[cairo] Solid pattern caching revisited

Behdad Esfahbod behdad at behdad.org
Wed Apr 18 14:01:49 PDT 2007

On Wed, 2007-04-18 at 16:56 -0400, Owen Taylor wrote:
> On Wed, 2007-04-18 at 15:11 -0400, Behdad Esfahbod wrote:
> > On Wed, 2007-04-18 at 10:00 -0400, Owen Taylor wrote:
> > > 
> > > Can we back up here and discuss why it wouldn't be simpler and better
> > > to use a per-display solid-surface cache? 
> > 
> > That may be easier, yes, but that would need either a new backend
> > function, or special-casing on pattern type in the xlib/xcb backends.
> > 
> > But a better answer to your question is that we need the workqueue
> > anyway.  For the scaled-font global cache for example.  Or for freeing
> > server resources when a surface is destroyed (which may be from another
> > thread at a much later time...).  So it's not like we are introducing it
> > just for solid-surface cache.
> Well, my take would generally be that 
>  - All caches of X specific objects should be stored per-display
>  - If the cached object is a backend-specific instantiation of a
>    non-backend-specific object (like a cached glyph), then when
>    the non-backend-specific object is deleted, you "unlink" the
>    element in the cache from it
>  - But the object is not freed until it is evicted by the cache
>    and replaced by something else (or when the display is closed
>    and the cache is deleted)

How does this last step happen?  Are you suggesting that we have a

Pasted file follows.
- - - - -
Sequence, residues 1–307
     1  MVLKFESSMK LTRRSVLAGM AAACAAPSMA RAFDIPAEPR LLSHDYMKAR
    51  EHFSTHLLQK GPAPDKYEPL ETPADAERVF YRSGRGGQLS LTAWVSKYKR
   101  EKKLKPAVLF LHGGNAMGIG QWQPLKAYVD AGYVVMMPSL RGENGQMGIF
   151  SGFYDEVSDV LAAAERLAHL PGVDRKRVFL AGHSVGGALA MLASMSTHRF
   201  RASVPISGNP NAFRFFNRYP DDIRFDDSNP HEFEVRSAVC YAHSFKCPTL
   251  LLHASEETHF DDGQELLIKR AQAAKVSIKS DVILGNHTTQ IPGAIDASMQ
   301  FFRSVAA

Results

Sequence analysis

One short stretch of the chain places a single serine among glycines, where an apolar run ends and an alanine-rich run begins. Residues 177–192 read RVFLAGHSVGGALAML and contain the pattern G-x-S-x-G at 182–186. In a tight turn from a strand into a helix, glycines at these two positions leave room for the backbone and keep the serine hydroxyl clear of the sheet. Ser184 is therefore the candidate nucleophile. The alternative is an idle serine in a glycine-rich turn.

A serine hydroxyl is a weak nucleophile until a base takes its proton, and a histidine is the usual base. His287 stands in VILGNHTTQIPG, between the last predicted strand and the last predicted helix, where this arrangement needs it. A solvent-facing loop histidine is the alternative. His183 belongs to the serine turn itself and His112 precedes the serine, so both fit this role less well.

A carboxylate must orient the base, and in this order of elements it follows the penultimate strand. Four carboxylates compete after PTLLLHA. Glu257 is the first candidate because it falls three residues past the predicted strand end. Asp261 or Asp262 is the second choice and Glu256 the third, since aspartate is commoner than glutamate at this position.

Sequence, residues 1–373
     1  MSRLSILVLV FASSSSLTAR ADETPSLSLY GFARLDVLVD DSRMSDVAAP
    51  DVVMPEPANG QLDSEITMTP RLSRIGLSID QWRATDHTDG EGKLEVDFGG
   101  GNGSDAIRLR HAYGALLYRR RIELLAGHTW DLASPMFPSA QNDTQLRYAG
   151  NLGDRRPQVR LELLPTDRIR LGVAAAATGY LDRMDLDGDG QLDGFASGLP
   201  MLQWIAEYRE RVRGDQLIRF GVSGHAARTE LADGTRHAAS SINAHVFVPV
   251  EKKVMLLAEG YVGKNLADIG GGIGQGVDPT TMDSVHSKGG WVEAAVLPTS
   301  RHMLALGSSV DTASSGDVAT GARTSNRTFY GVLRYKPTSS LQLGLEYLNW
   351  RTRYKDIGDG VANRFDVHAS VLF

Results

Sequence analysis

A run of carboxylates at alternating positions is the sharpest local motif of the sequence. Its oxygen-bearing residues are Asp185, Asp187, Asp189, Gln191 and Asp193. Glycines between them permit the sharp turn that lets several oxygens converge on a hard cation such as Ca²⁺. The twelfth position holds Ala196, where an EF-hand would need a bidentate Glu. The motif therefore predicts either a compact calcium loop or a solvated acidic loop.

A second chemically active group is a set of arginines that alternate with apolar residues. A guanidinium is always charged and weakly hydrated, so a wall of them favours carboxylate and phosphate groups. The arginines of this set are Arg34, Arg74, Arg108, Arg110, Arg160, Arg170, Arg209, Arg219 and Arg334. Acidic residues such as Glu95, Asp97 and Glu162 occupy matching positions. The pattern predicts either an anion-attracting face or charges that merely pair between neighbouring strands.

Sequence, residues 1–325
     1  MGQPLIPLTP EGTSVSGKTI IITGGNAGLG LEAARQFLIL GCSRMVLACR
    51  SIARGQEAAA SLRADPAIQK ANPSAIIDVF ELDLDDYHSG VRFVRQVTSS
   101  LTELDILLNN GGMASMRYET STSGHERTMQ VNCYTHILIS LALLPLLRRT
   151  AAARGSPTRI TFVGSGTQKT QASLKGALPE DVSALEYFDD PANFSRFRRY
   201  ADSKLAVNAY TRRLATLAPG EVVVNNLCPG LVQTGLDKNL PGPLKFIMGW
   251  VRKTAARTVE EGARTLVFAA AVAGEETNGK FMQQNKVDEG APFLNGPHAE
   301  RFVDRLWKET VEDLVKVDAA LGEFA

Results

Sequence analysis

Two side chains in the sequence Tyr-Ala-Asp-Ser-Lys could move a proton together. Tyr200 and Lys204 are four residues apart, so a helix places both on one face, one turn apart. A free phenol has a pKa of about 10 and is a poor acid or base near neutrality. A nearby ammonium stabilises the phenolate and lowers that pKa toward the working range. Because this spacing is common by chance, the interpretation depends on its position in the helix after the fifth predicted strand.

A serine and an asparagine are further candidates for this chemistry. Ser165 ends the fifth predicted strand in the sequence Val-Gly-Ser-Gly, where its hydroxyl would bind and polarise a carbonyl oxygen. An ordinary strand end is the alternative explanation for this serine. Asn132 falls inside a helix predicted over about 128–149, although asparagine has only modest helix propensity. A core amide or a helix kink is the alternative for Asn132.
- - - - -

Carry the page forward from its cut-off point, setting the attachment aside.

separate xlib scaled font cache that has its own eviction, separate from
global scaled font cache?  I don't follow.

> I don't know if there is a big practical difference between that and
> the work-queue approach. The memory utilization should be similar
> either way. It seems conceptually easier to manage to me without
> a work queue, but if Chris now has tested, working work queue code, 
> then that may not matter much...

For me it's the other way.  The workqueue is conceptually very simple:
if we cannot contact the server right now, queue the work for later.
That's all.  It doesn't really have anything to do with caching.  It
just happens that cache evictions are main candidates to use the queue
given their unexpected nature.

> 					- Owen


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 Temporary Safety, deserve neither Liberty nor Safety."
        -- Benjamin Franklin, 1759

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